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ABB LGR | Soil properties and substrate quality determine the priming of soil organic carbon during

Date: 2022-05-06
浏览次数: 7

Soil properties and substrate quality determine the priming of soil organic carbon during vegetation succession

Soil organic matter (SOM), the largest carbon (C) pool in terrestrial ecosystems, is extremely vulnerable to climate and human disturbances. Even a small change in SOM can greatly influence atmosphere CO2 concentration and C balance. Fresh organic matter (FOM), e.g., leaf litter and root exudate, contributes considerably to SOM formation, but can also modify SOC mineralization through the priming effect (PE). While many studies have shown that plant derived C entering the soil would increase with vegetation succession, the amount of soil C loss caused by PE remains unclear during succession, which causes great uncertainty in the prediction of SOC change throughout this process. Therefore, understanding the underlying mechanisms of PE is urgently needed. In fact, the development of vegetation succession is usually accompanied by changes in soil properties like nutrient availability, aggregate stability, pH, and microbial communities. But, how changes in these properties interact with extraneous FOM to regulate PE, which would further affect SOC dynamics, remains unknown.

Based on this, to fill research gap, a group of Chinese scientists conducted a field investigation in the Foping National Nature Reserve (33°33-33°46N, 107°40-107°55, 10751301 m a.s.l) in the south aspect of the Qinling Mountains, China (Fig.1a) to examine the pattern of SOC stock along with secondary succession ecosystems (croplandshrublandforest); then, using a laboratory incubation experiment, they explored the mechanism underlying SOC patterns with regard to PE. Specifically, they evaluated the patterns of PEs induced by 13C-labeled glucose (GLU) as well as LOM and ROM extracted from 13C-labeled maize leaf. Aiming to answer the following questions: (1) How would FOMs with different quality affect soil C mineralization by PE across vegetation succession? And (2) What are the driving factors in regulating PE among succession stages?

 

LGR | Soil properties and substrate quality determine the priming of soil organic carbon during

Fig.1 The location of study area (a) and the representative plots for each succession stage (b).

13C measurement]: During incubation experiment, the authors collected gas samples from the flasks on days 1, 4, 7, 14, 27 and 43. As the fluxes of CO2 from substrate treated soils were low and had no significant differences with CK soil after the sixth sampling, the incubation was stopped at day 43. Then, they measured the CO2 concentration. To measure the δ13C of the gas sample, they flushed the headspace gas out of the flasks using CO2-free air into pre-evacuated gas sampling bags. The δ13C of the gas samples were measured with a CO2 Isotope Analyzer (912–0003, LGR, America).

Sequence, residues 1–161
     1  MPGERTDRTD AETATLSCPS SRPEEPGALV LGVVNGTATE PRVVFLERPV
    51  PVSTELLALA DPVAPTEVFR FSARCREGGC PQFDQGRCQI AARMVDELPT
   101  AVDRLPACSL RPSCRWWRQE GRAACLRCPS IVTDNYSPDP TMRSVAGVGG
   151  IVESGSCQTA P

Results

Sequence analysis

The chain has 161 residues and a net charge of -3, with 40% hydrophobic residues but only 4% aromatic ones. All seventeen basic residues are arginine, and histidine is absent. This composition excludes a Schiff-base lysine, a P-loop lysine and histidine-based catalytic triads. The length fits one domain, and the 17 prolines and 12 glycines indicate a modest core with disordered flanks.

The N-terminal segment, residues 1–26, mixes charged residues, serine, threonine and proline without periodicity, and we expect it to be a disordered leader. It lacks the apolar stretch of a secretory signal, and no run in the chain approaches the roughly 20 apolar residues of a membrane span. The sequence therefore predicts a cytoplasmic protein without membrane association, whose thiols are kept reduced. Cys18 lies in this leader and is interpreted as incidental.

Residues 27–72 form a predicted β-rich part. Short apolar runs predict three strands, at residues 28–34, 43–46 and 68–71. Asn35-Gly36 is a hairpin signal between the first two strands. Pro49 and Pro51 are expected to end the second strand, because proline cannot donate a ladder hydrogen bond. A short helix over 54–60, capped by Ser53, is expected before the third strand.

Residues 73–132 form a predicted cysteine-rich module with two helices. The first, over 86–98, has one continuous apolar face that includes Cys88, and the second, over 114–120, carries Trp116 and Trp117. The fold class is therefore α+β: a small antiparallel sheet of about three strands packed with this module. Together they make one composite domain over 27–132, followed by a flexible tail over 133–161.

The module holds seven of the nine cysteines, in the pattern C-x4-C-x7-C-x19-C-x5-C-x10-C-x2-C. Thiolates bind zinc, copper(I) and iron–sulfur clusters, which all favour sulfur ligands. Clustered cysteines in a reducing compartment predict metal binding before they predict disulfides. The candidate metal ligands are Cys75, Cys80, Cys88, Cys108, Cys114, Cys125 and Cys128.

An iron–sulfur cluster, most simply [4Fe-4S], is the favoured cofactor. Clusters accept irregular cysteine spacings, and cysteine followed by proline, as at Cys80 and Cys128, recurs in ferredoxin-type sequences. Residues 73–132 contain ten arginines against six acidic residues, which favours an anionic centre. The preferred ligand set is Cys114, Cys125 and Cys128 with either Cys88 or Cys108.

[Results]:

LGR | Soil properties and substrate quality determine the priming of soil organic carbon during

Cumulative priming effect (PE) from different C substrate treatments, succession stages, and soil depths at the end of the incubation.

 

LGR | Soil properties and substrate quality determine the priming of soil organic carbon during

Linear regressions for testing the relationships between priming effect and soil properties for each substrate treatment and soil depth.

 

LGR | Soil properties and substrate quality determine the priming of soil organic carbon during

Structural equation modeling for examining the direct and indirect effects of soil properties on priming effect (PE) among succession stages.

LGR | Soil properties and substrate quality determine the priming of soil organic carbon during  

Conceptual diagram illustrating the priming effect (PE) on soils along the secondary succession ecosystems.

[Conclusion]:

The authors concluded that the magnitude of PE depended not only on the added substrate type but also on soil types specifically associated with vegetation succession. FOM quality contributed to the PE differently. Specifically, GLU and LOM generally induced a higher PE than ROM by increasing the abundance of GN in soil. In contrast, ROM caused PE in soil by increasing the abundance of fungi. These results suggest that GLU, LOM, and ROM may induce PE through different mechanisms. In addition, after FOM addition, soils from the croplands exhibited higher PEs than those from the shrublands and forests. The differences in PE between the succession stages negatively correlated with MWD, TIN, and AP but positively correlated with soil pH and F/B. The results indicate soil properties and substrate quality determine the PE in soils from consecutive vegetation succession stages. PE might be one of the mechanisms underlying distinct soil C dynamics during the process of vegetation succession.


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